Written by Julia Hoffman, ESLLC 2016-2017
I was born in a small suburb in Orange County, California. When I moved to Colorado at the age of 10, I couldn’t help but notice how green and pristine all the grass was compared to the grass in my neighborhood back in California. This seemed odd to me because I knew that Colorado was much drier than CA. My dad always seemed to be in competition with the neighbors over who could have the greenest lawn every summer. I recall the sprinklers going on everyday but this never phased me because I hadn’t considered where this water was even coming from, which seems to be the mindset of everyone else around here.
No one seems to realize that Colorado is a desert and green grass is not native or natural to this climate. And no one seems to realize that Douglas County is not in any relative proximity to a fresh water source of any kind. In Douglas County, 90% of the water is sucked up from underground aquifers. This is incredibly unsustainable and detrimental to the underground aquifer. When massive amounts of water are sucked from the aquifer it creates a cone of depression around the well that’s accessing the water. If this depression becomes too great it can lead to the collapse of the aquifer and forever destroy its ability to hold water.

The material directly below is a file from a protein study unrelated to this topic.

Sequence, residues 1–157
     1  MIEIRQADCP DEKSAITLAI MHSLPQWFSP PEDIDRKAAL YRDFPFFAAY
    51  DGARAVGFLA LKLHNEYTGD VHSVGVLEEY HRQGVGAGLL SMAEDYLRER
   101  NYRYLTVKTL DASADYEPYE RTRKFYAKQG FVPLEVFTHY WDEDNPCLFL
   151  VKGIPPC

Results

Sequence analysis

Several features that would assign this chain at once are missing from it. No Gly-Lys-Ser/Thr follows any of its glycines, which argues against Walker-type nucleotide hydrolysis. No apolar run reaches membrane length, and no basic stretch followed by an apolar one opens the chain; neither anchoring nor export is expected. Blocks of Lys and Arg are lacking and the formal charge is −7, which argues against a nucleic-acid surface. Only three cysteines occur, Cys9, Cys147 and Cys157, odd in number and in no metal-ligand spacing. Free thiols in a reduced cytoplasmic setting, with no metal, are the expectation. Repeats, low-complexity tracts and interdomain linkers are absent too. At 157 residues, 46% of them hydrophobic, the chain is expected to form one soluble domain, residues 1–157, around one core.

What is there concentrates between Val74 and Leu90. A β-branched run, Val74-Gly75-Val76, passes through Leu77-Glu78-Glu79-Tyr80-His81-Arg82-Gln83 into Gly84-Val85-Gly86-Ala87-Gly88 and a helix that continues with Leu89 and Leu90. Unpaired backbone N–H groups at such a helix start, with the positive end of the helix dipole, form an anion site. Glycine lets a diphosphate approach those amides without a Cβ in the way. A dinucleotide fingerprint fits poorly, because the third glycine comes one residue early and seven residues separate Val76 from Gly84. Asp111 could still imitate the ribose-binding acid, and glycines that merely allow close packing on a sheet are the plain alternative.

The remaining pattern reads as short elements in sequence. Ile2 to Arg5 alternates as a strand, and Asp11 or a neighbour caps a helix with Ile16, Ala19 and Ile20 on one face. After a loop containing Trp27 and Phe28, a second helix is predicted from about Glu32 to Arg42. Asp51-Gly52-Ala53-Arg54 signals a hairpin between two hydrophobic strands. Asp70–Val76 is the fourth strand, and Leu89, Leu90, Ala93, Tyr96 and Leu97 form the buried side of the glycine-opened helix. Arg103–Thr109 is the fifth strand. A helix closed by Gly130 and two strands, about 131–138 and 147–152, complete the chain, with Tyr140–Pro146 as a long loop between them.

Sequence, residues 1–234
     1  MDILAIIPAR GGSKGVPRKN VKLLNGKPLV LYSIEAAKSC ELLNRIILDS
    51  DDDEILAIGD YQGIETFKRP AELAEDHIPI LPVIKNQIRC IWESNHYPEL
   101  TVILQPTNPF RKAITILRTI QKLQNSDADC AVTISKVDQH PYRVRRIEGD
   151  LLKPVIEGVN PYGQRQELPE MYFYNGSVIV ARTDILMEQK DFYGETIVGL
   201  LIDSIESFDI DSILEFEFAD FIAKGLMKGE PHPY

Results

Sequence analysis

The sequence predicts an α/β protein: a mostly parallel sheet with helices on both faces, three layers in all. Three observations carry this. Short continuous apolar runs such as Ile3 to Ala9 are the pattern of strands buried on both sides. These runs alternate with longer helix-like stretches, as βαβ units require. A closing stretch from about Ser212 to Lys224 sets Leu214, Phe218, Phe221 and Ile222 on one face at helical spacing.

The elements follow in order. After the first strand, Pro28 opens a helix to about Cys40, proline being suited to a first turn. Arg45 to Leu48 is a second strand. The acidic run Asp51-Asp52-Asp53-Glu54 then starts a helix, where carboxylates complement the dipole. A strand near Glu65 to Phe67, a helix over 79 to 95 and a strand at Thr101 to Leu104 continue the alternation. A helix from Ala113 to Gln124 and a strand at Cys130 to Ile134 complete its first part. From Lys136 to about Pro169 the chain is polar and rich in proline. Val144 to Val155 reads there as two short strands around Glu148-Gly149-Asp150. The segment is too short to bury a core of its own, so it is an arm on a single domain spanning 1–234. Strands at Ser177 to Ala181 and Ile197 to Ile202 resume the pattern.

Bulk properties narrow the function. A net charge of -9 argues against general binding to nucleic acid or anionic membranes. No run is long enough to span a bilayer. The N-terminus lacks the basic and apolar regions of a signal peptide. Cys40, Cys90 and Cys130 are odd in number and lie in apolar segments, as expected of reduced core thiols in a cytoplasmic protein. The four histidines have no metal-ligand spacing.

What is also very unsustainable about this withdrawal is that the aquifer is not recharging at a rate even close to the rate of withdraw. Douglas County will soon be out of water and it’s only growing in population. They are building reservoirs but they will not have enough water to supply the growing population. In my opinion Douglas County needs to start restricting how much water its residents can use for watering their lawns and other somewhat useless wastes of this precious resource. Everyone needs to start considering that although individuals may not seem to make a difference, if we all move towards conservation and sustainability it will benefit ourselves and our communities.